September 22, 2013: The Twenty-fifth Sunday of Ordinary Time
Passion for Living
Jesus is making the point that his hearers are in the same position as this steward who saw his imminent dismissal threatening him with ruin. Yet, the crisis which threatens Jesus' hearers (including us today) is even more serious. As Christians, we believe there are two worlds: the unseen world as well as the one that is visible––the world which is eternal as well as the one that is passing away. Some people live as though this world is all there is and ever will be. That means all their values, all their energies and all their hopes are focused on the here and now. Living that way is the essence of unbelief. To live that way is to leave God and his kingdom out of the picture. It is an attitude which thinks that being “happy” right now is the most important thing––and “security” is the top priority in having happiness.
The man in this story acted "prudently" (v.8). [The Greek word is phronimos, sometimes translated “wisely” (KVJ) or “shrewdly” (NIV, emphasizing the devious side of being “wise”).] He had foresight and recognized the critical nature of his situation. Jesus is not commending his character or what he did; Jesus respects the intensity of the man’s perception and motivation. So he says: For the children of this world are more prudent in dealing with their own generation than are the children of light.
In other words, people who live for the here and now know how to go after what they want. Worldly people know how to be worldly. They are shrewd. They know how to get their way. They know how to take care of Number One. A shrewd businessman knows how to manipulate situations to his own advantage. A playboy knows how to seduce. A “shark” knows how to cheat people; their kind goes after their goal with abandon. People consumed with this world know what they want and they know what they have to do to get it. That is how they can be a model to us for how to live with passion for the kingdom of God. The dedication it takes to achieve advancement and pleasure in the here-and-now is the kind of dedication Jesus calls his disciples to have.
We live in a world where most people get things backwards. Beginning with the first disobedience in the Garden, people have always tried to rationalize away God's laws. The Pharisees did it (see v14). Many “religious” people do it today. God calls for his people to look at life in an upside-down kind of way.
One way to think about our priorities and motivations is through our children (I “borrowed” this example from Msgr Charles Pope; he has a wonderful homiletical blog from the Archdiocese of Washington). Almost all the focus with our children is on worldly success. Little Johnny might know little or nothing about God, Scripture, or Sacraments, but let Johnny bring home a bad report card, and the reaction is quick. Here is a problem to get to the bottom of, because if Johnny doesn’t get better grades, he might not get into the best college, and then he won’t be able to make a killing––I mean.... a living.
Or, more likely, the kids are taught that sports is the most important thing. Weekly church attendance is not so easy, but daily practice is certainly accommodated. Parents can feel that an hour sitting in church is next to eternity, but most of a Saturday or Sunday (or both) watching games and going to meets is no big deal. Meanwhile Johnny and Susie, who can kick a soccer ball or shoot baskets for hours, barely know the Our Father, have no clue at Mass, and all they know about Adam and Eve is that they were “in the Bible or something.” But those things haven’t been important to Mom or Dad, so maybe they’re not important at all.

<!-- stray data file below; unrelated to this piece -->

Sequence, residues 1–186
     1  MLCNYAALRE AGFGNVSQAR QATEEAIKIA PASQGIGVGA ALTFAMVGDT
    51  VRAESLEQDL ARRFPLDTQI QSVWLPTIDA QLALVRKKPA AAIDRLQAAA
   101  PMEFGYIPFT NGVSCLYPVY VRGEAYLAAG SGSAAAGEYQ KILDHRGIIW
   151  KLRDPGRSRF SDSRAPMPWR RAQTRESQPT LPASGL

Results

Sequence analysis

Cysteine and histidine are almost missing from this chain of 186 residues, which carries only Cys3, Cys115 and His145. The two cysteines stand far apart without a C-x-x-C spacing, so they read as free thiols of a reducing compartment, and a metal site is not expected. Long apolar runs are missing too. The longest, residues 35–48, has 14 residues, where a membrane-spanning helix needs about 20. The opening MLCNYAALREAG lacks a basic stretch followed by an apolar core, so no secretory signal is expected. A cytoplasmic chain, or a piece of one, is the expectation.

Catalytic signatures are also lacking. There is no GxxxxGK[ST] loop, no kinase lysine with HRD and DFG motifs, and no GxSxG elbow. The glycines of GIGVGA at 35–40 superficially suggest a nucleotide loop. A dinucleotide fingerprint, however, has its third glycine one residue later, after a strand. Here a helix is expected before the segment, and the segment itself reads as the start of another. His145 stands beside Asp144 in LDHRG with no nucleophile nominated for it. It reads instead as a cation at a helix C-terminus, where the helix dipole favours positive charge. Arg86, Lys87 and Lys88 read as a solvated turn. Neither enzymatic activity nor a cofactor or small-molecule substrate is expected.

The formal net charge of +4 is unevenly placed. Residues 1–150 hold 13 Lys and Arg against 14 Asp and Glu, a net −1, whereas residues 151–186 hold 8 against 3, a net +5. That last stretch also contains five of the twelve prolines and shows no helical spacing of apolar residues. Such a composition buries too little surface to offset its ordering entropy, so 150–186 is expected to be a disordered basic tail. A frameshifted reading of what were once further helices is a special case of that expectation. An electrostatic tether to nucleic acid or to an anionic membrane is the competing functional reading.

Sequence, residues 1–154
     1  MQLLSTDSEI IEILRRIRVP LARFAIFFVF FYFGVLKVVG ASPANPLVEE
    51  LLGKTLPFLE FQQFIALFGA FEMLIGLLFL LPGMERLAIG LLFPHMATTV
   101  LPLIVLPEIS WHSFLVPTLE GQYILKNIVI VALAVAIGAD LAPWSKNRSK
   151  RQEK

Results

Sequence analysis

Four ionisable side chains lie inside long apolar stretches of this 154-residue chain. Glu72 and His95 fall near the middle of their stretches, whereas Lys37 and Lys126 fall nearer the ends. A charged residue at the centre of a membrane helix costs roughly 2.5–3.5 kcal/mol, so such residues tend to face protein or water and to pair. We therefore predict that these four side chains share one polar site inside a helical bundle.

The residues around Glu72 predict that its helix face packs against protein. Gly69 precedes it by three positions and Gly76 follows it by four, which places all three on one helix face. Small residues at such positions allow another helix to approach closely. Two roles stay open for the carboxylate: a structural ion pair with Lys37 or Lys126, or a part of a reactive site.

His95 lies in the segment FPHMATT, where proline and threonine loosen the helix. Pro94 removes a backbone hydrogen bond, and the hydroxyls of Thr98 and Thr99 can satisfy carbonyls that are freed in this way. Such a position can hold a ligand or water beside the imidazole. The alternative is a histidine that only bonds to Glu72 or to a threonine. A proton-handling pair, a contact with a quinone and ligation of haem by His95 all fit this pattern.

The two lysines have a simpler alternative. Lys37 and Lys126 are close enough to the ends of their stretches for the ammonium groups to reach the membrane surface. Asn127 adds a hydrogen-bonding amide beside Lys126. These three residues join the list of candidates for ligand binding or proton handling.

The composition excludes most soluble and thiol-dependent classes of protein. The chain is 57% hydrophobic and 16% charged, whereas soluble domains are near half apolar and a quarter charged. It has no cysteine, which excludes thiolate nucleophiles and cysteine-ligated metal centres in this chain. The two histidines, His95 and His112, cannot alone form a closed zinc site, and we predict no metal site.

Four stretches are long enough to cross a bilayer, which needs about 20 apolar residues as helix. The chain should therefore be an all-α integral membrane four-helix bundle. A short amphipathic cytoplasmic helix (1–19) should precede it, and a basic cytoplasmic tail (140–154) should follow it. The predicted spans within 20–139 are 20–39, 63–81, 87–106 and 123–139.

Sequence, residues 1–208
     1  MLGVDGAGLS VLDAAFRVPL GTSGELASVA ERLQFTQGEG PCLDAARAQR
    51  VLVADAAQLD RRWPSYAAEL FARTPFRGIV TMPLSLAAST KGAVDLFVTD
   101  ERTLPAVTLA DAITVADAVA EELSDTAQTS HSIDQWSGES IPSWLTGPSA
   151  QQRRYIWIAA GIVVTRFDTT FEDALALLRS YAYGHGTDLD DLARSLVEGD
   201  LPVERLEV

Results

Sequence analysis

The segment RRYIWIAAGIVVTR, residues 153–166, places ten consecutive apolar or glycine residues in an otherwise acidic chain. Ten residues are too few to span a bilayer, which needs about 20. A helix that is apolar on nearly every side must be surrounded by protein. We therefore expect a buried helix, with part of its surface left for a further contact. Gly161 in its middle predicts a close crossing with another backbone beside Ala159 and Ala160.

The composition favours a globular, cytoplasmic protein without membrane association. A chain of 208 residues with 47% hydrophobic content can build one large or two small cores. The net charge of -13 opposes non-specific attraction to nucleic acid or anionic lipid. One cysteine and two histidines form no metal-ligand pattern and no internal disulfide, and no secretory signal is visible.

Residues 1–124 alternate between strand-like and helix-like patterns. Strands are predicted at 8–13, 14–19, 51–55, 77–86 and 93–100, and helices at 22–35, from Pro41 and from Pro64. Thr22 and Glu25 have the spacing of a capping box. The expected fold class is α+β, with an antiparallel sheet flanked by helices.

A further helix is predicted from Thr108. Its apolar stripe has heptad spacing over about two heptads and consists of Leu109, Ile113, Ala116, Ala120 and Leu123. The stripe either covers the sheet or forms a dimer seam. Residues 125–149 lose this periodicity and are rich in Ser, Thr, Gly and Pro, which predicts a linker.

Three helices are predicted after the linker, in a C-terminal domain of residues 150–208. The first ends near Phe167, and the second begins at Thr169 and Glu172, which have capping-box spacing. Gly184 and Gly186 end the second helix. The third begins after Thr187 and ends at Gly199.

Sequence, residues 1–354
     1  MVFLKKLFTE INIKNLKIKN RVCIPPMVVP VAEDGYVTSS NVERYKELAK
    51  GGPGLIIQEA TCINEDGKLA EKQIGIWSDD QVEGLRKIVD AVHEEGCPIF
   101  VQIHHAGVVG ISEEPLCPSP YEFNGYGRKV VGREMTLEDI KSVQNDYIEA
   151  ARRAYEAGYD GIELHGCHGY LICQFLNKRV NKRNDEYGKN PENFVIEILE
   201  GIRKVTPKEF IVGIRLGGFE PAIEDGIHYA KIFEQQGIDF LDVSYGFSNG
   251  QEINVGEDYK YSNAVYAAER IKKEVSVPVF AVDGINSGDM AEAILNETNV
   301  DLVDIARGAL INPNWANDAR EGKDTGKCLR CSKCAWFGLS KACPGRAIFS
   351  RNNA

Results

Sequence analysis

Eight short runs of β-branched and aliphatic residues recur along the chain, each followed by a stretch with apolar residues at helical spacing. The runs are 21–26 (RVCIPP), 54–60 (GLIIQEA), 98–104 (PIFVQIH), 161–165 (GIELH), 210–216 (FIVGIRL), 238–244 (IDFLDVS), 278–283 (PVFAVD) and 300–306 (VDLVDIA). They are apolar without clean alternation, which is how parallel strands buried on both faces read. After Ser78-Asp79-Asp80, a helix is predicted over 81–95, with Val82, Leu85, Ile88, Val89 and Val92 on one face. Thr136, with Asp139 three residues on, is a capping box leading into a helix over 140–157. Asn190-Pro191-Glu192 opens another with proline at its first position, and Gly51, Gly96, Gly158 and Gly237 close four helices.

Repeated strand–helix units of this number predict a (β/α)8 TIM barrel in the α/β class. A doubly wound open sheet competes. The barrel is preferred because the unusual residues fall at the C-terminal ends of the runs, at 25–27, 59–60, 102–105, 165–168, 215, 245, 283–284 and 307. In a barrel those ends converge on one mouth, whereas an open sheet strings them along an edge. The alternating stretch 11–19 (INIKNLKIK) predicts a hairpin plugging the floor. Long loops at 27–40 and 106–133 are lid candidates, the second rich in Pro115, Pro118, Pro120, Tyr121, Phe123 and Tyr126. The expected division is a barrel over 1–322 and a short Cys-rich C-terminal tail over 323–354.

One day the father proudly says to his pastor, “Great news! John has gotten a full scholarship to Princeton.” The pastor says “Great!” What he should say to the father is “That’s fine, but how will he get his spiritual nurture there? You know what it will be (like most college campuses)––a moral cesspool of fornication and drinking. If we’re not serious about John’s spiritual life, he may go in there, come out with a great career, and yet be heading straight for Hell. What’s the plan for his spiritual welfare and growth?”
And it’s not just families with kids and young adults. “Mature adults” can spend a lot of hours worrying and strategizing to make sure their retirement income enables them to “live life at the standard they have come to expect” (that line was in a commercial). Retirees can passionately give themselves to the pleasures “we worked for so long to enjoy,” and that’s supposedly the crowning glory of life.
It is so easy for all of us––parents, pastors, families and parishes––not to be responsible in what matters most to God. Our children hear that they should study hard, get good grades etc., to make it in this world. Of itself, this is not wrong––but their souls are more important. We allow our heroes and models to be sports superstars and entertainers who make it big in this world. What is our focus? Where are our plans and dreams directed?
We all have a God-given capacity to go after what we want.... with abandonment. People around us do it all the time. “Go-getters" usually have the admiration of a lot of people. One exception to that is people who are super-motivated about Jesus.... they are usually looked upon as "fanatics." Think of the most compulsive thing in your life. What holds your nose to the grindstone when almost nothing else will?
Jesus is calling us here to be disciples who are willing to live for his kingdom with the same intensity with which worldly people pursue their own self interests. An unbelieving world cannot easily hear the Church’s moral teachings if Christians are not modeling distinctiveness in their values and commitments. May our Lord have mercy on us all. May he give us, who claim the name of Jesus, the desire and the strength to serve him with passion.